Latvian Parliament ratifies Council of Europe's Framework Convention for the Protection of National Minorities

27 May 2005

 

On 26 May 2005, the Saeima (Latvian Parliament) ratified the Framework Convention for the Protection of National Minorities of the Council of Europe. With the ratification of the convention, another significant step has been made towards the protection of rights of persons belonging to national minorities. Since the restoration of its independence, Latvia has been guaranteeing its minorities all fundamental rights under the Law "On the Unrestricted Development and Right to Cultural Autonomy of Latvia's National and Ethnic Groups" passed in 1991, and under other regulatory enactments.

Since the term 'national minorities' has not been defined in the convention, the Saeima came to an agreement that under the convention this term refers to those citizens of Latvia who differ from Latvians in terms of culture, religion or language, who have been traditionally living in Latvia for generations, who consider themselves as belonging to the state of Latvia and the Latvian society, and who would like to preserve and develop their culture, religion and language.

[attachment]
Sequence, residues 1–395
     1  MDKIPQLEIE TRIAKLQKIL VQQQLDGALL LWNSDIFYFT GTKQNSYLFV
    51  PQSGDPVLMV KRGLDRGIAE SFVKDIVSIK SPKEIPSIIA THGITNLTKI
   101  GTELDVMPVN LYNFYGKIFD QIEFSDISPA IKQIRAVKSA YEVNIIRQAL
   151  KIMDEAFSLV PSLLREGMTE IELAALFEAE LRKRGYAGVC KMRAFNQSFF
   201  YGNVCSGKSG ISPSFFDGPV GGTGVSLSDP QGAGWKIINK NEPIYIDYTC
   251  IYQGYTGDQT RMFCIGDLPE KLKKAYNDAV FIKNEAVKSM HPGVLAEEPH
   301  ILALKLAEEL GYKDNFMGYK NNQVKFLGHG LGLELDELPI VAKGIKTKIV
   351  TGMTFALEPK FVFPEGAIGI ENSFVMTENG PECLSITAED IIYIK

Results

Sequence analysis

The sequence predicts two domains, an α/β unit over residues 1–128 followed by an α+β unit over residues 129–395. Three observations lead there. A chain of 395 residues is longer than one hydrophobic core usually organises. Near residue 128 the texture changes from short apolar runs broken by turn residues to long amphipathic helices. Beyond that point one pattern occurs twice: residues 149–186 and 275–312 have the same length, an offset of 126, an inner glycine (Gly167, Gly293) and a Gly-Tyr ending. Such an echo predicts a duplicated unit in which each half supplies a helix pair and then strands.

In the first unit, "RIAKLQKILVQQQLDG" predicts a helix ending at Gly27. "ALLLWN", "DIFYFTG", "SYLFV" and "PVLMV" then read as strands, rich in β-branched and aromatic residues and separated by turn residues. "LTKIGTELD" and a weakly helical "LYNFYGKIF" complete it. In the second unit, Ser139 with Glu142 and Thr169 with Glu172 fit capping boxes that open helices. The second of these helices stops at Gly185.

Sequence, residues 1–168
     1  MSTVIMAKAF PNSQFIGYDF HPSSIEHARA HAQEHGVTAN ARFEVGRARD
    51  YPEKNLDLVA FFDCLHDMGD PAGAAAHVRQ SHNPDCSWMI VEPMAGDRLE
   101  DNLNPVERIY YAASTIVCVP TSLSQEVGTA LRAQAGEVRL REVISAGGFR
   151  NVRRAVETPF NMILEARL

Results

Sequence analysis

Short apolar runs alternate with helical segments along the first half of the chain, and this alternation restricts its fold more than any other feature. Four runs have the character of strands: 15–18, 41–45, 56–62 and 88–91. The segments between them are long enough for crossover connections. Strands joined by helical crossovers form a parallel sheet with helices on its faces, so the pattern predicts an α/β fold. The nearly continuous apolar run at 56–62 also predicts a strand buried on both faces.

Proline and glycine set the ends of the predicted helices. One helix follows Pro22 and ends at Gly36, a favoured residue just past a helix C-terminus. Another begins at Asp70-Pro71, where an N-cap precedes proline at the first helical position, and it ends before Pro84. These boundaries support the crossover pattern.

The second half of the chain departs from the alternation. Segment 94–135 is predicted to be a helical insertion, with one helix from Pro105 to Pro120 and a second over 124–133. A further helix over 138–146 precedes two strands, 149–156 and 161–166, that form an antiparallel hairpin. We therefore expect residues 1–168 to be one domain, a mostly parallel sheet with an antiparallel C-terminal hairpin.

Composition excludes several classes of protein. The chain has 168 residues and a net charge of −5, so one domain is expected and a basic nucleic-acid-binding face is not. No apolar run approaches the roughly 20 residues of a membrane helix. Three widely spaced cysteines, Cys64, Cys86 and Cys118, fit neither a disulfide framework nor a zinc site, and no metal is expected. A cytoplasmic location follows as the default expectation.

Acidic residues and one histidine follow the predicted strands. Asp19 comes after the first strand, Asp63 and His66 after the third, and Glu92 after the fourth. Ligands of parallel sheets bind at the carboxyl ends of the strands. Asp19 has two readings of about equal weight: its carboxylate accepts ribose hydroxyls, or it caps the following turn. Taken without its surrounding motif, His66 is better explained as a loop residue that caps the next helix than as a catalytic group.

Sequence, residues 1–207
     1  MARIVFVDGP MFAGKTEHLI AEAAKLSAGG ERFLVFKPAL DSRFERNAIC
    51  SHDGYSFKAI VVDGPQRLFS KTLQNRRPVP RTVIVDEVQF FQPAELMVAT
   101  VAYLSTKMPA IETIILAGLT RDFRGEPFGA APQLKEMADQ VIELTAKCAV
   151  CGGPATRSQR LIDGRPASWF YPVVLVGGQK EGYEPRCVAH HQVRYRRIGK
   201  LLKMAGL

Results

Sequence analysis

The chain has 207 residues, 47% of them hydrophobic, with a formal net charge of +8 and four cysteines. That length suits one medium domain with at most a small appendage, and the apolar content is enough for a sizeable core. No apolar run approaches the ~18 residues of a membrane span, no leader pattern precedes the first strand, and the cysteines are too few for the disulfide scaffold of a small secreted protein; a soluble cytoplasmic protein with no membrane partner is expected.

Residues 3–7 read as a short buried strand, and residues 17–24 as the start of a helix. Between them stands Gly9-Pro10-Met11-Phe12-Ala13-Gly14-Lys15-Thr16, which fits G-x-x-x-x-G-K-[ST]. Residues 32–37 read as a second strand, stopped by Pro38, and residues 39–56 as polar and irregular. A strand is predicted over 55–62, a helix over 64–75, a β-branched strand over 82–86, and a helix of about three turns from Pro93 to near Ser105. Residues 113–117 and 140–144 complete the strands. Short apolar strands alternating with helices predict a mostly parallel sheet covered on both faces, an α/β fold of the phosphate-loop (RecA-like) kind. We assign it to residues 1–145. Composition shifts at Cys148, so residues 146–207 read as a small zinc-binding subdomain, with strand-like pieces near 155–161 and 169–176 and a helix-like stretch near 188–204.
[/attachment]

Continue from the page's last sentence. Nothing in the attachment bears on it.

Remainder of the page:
Latvia has based its definition on those of the member states of the convention, including an additional significant item, namely, that persons who are not citizens of Latvia or other country but have been living in Latvia permanently and legally and do not belong to a national minority based on the definition of the term by the Framework Convention, but who identify themselves with a national minority corresponding to the said definition, are entitled to the rights determined by the Framework Convention, unless otherwise provided  by the law.

Upon ratifying the convention, the Saeima also passed two declarations, which state that Latvia considers binding Part 2 of Article 10 and Part 3 of Article 11 of the convention regulating separate spheres of the use of minority languages, provided they do not contradict the Satversme (Latvian Constitution) and other regulatory enactments defining the use of the state language effective in the Republic of Latvia.

By ratifying the Convention, Latvia has once again attested that the protection of human rights in Latvia conforms to the highest international human rights standards.


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